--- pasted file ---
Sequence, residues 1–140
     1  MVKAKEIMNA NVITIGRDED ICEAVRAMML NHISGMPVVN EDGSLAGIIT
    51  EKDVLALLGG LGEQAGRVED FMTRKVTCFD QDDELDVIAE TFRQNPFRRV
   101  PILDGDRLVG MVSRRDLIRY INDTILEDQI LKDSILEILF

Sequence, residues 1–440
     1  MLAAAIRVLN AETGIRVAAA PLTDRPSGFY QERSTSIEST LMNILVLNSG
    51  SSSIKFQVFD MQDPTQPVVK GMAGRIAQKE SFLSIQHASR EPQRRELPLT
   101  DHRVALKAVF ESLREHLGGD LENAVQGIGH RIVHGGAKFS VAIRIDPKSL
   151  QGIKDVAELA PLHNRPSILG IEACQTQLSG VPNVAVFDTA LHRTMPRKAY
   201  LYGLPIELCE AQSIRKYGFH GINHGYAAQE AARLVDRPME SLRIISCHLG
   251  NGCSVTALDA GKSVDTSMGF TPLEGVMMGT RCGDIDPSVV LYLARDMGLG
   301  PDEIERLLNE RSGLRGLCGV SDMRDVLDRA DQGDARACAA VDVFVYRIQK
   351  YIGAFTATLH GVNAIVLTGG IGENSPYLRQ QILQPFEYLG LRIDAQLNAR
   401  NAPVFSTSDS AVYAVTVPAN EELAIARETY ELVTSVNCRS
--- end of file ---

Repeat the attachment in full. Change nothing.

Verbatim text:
Sequence, residues 1–140
     1  MVKAKEIMNA NVITIGRDED ICEAVRAMML NHISGMPVVN EDGSLAGIIT
    51  EKDVLALLGG LGEQAGRVED FMTRKVTCFD QDDELDVIAE TFRQNPFRRV
   101  PILDGDRLVG MVSRRDLIRY INDTILEDQI LKDSILEILF

Sequence, residues 1–440
     1  MLAAAIRVLN AETGIRVAAA PLTDRPSGFY QERSTSIEST LMNILVLNSG
    51  SSSIKFQVFD MQDPTQPVVK GMAGRIAQKE SFLSIQHASR EPQRRELPLT
   101  DHRVALKAVF ESLREHLGGD LENAVQGIGH RIVHGGAKFS VAIRIDPKSL
   151  QGIKDVAELA PLHNRPSILG IEACQTQLSG VPNVAVFDTA LHRTMPRKAY
   201  LYGLPIELCE AQSIRKYGFH GINHGYAAQE AARLVDRPME SLRIISCHLG
   251  NGCSVTALDA GKSVDTSMGF TPLEGVMMGT RCGDIDPSVV LYLARDMGLG
   301  PDEIERLLNE RSGLRGLCGV SDMRDVLDRA DQGDARACAA VDVFVYRIQK
   351  YIGAFTATLH GVNAIVLTGG IGENSPYLRQ QILQPFEYLG LRIDAQLNAR
   401  NAPVFSTSDS AVYAVTVPAN EELAIARETY ELVTSVNCRS